Active nanocoated dry electrode for EEG-applications
Informatik und Automatisierung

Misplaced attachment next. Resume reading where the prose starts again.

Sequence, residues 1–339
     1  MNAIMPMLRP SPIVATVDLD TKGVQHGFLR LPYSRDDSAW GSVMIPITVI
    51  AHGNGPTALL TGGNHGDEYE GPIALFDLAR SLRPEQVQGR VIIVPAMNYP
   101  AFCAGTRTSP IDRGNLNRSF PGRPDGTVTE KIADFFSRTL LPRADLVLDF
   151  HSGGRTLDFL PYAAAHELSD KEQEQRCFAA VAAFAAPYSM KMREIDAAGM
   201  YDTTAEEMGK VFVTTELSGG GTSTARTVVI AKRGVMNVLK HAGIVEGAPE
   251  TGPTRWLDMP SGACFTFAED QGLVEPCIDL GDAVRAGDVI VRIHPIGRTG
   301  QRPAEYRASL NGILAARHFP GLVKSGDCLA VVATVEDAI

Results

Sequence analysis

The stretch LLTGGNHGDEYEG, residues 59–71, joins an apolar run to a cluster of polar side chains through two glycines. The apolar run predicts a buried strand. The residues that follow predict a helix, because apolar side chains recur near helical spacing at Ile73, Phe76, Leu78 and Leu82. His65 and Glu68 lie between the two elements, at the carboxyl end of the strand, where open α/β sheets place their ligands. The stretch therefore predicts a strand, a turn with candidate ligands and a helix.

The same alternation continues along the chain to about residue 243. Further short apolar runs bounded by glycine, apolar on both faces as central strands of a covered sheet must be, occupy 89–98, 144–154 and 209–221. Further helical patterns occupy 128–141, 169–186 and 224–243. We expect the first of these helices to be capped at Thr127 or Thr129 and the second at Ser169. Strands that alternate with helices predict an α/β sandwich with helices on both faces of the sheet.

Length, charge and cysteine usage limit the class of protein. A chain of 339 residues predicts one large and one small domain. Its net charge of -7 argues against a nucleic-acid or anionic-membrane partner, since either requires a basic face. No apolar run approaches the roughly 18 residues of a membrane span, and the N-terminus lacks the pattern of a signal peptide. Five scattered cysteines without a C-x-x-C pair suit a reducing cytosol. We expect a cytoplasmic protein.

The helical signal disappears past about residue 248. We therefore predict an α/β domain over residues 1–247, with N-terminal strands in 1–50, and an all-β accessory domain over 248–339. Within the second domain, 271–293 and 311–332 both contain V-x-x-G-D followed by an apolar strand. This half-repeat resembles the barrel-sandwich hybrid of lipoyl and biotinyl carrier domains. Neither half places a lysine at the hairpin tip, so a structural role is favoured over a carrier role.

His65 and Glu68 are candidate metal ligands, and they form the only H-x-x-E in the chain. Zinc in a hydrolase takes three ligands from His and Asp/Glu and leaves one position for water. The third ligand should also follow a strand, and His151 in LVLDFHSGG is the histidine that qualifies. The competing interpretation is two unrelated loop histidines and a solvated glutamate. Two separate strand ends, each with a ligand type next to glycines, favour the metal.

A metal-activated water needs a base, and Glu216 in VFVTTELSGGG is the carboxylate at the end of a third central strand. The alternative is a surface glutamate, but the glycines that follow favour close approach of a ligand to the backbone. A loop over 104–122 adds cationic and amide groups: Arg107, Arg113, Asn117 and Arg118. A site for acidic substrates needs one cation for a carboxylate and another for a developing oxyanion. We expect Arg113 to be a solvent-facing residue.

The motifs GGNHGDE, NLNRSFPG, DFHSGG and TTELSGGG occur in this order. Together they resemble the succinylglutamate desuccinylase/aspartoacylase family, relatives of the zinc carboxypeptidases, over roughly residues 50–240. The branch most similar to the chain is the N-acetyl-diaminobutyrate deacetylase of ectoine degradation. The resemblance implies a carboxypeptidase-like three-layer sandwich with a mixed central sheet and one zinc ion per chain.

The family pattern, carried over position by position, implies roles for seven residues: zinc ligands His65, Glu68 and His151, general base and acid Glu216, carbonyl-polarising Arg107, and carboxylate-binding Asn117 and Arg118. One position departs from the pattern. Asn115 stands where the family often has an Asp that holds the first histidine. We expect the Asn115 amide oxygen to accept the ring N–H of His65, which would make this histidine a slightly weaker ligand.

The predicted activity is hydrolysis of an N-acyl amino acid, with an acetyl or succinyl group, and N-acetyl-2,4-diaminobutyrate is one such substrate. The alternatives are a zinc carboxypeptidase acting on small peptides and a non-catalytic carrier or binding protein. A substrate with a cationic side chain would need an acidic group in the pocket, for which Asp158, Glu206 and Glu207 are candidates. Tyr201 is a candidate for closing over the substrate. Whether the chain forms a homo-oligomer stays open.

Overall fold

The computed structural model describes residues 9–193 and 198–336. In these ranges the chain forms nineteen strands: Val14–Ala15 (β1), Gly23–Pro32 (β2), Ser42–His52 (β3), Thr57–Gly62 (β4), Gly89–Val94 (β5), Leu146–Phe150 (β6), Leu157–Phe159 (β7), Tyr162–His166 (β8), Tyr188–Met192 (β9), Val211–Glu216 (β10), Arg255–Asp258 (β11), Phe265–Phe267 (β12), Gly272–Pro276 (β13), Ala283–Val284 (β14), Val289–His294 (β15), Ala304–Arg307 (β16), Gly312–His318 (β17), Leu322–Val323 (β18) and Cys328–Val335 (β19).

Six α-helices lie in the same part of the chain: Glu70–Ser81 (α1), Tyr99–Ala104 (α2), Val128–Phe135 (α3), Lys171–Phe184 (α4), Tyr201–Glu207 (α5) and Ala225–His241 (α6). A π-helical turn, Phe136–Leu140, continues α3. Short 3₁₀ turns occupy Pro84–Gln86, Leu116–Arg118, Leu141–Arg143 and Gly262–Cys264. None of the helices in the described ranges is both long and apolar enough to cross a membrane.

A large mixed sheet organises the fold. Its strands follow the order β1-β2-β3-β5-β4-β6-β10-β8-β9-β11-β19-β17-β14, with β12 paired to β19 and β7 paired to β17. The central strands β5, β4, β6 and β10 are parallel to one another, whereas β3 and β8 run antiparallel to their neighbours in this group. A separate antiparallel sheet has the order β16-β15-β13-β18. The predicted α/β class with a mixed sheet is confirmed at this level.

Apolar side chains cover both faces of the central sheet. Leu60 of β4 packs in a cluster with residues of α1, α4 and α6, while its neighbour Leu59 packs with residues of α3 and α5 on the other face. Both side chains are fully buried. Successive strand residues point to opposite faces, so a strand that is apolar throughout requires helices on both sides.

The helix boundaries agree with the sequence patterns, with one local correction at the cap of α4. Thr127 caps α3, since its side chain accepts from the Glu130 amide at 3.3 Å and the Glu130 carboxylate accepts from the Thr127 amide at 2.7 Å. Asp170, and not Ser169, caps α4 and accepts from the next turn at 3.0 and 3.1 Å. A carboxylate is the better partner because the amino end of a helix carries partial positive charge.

Multichannel electroencephalography (EEG) is a well-established method for investigating the function of the human brain, but, despite continuous advancements in signal amplification and data processing, difficult and error-prone signal acquisition on the head surface is still a major issue limiting its employment in basic and clinical research. The ANDREA project will develop a novel dry electrode EEG system with adjustable cap network provided with an automated sensor positioning mechanism, active preamplification and a SW toolbox for artefacts removal. The novel technologies address the the requirements of high signal quality and reliability, mobility, high patient/subject comfort and long-term use, and will be validated in clinical and non clinical populations to produce a prototype optimized for braod EEG employment. To achieve these objects, the ANDREA consortium 1) merges the complementary expertise and resources in biomedical engineering, material science, biomedical signal processing, neuroscience and clinical neurology available at 3 academic and 2 commercial (industry and health) partners from 3 EU countries, and 2) realizes an extensive intersectoral transfer of knowledge through staff exchange, trainig courses, schools, and the recruitment of experienced researchers with supplementary expertise from outside the consortium. The international mobility and the planned dissemination/outreach activities will contribute to the sharing of different cultures and knowlöedge with the scientific community, and to promote a broader communication on the importance of research in biomedical engineering to the society at large. The tight scientific collaboration and the transfer of knowledge among partners will enhance the research capacity and competitiveness of the ANDREA consortium, which will become a permanent EU research network promoting health technology in Europe, with great benefits for the European biomedical industries, health care systems and societies.